6. IDS-centricity. From a parochial point of view I was pleased to see that a lot of IDS work contributing strongly to this agenda: the STEPS work on pathways to sustainability, work on tax, organised armed violence, conflict and peace, new (and existing) forms of participation, inequality, women and girls empowerment, business and development, climate adaptation, social protection, sexual rights, sanitation and nutrition to name a few examples.

7. Nutrition. I was particularly pleased to see nutrition as an equal partner with ending hunger (by the way, it is good to see a focus on smallholder productivity in agriculture).

Stunting, wasting and anaemia for under 5's are the nutrition specific indicators. This is in line with much thinking of the nutrition community, although I would like to see a tighter focus on the 0-2 or 0-3 age group and much more of a focus on the nutrition of girls and women. In addition to these 3 indicators, there are plenty of other nutrition relevant indicators to be found in the education, women's empowerment, health, poverty and water and sanitation goal buckets (see recent IDS Brief on this). Nothing on obesity or overweight. A step too far perhaps for the panel.

All in all something for everyone without getting too lowest common denominator about it all. And I think that, for now, is OK.

As we all have a chance to study it further over the coming weeks no doubt we will find things we don't like and possibly some things we really don't like. Nevertheless, my view (and it is not an IDS view necessarily) from a quick read is that this is a good basis for further discussion, negotiation and contestation over the next 2 years. There will be lots of twists and turns in the road ahead, but I think this is a good solid signpost to where we want to go.

Congratulations to the High Level Panel.


  1. The High Level Panel report authors and Lawrence have provided a simply written accessible short report and a comment, with suggested, and quite appropriately not prescribed, universal (?) potential targets. Their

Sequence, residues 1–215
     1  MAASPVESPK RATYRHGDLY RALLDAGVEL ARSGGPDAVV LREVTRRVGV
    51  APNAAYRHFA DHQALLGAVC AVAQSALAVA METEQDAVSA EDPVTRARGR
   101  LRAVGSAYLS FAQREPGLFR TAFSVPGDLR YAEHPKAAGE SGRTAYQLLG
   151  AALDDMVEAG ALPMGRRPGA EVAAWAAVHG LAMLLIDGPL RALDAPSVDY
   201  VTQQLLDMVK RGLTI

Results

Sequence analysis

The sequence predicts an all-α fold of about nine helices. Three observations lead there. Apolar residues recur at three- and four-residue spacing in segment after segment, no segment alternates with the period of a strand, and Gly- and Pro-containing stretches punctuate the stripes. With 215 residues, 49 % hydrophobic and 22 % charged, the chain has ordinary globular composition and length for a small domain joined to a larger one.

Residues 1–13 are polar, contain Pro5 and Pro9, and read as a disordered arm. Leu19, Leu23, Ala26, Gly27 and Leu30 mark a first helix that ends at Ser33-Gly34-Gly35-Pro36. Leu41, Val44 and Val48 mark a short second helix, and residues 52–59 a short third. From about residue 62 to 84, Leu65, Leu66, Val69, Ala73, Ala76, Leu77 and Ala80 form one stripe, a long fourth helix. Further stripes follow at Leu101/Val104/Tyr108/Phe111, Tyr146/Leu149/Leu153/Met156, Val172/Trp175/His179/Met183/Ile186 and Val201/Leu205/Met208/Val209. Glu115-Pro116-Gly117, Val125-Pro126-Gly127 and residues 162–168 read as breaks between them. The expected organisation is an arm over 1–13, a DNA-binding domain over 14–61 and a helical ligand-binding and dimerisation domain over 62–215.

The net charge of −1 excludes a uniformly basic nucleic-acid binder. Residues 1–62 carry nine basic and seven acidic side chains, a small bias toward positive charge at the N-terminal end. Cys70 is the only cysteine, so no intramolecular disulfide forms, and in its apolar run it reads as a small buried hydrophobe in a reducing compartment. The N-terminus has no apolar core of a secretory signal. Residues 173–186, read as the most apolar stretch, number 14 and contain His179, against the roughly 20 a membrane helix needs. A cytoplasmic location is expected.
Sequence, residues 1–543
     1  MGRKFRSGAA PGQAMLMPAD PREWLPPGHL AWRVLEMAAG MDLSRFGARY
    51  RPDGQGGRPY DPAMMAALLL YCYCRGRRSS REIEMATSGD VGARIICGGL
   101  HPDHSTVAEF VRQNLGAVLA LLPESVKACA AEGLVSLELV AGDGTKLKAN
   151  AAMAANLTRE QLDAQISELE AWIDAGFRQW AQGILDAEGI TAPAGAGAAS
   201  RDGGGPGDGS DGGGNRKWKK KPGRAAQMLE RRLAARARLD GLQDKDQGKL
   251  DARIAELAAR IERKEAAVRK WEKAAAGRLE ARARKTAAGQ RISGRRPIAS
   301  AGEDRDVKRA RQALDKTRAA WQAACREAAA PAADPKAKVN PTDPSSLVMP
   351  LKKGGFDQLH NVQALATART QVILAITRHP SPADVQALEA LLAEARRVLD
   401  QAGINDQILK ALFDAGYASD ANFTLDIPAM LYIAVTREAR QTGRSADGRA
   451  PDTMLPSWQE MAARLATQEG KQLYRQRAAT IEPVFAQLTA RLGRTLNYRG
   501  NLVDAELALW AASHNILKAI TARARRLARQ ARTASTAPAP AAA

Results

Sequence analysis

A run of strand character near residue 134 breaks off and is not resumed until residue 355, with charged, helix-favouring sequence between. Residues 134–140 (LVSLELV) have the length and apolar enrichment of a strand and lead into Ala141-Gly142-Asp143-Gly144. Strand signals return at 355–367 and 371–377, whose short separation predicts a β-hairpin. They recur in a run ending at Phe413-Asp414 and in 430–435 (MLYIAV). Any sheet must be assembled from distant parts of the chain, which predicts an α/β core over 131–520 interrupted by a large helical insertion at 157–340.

strengths are that they build on the MDGs rather than casting them away, and deservedly give credit for progress on MDGs achieved to date, largely through strong growth in developing countries.

    Where it is wanting is on the issues of (1) governance, (2) capacity, (3) the necessary human, physical and institutional infrastructure, and (4) frequently its absence at all levels, to meet the challenges of tomorrow. This means the absence of a critical look at what effective partnerships would have to entail ranging from the global (financial or environmental) architecture for international cooperation, to the local capacities at the level of communities which are the most afflicted by poverty, and numerous interacting insecurities.

    The Report is also short on the absence of the necessary political will among leaders where poverty is most endemic, to tackle complex, long term issues, unless and until emergencies strike.

    And yet this is a strong start for deliberations over the next two years.

  2. I agree that it's solid, good to see the progress on the MDGs and good to see the nutrition indicators in there that we've been looking for...I guess I was hoping that the report would be stronger on nutrition. We've got some achievements on including zero gaols ... end poverty... end preventable deaths ... why can't we work toward ending anaemia, ending malnutrition. Surely if we can aim to end poverty, we could aim to end malnutrition.

    I am concerned that the most vulnerable among us, those that are marginalized and discriminated against will again not see the potential positive impact for nutrition... it seems that's what has happened in the past where the easy to reach populations have benefitted, but those that are more difficult to reach didn't experience the progress on the same level (or at all).

    So, I guess we now have the next two years to discuss – not sure that I can do much, but I’ll do what I can to see if we can’t get a stronger commitment on nutrition.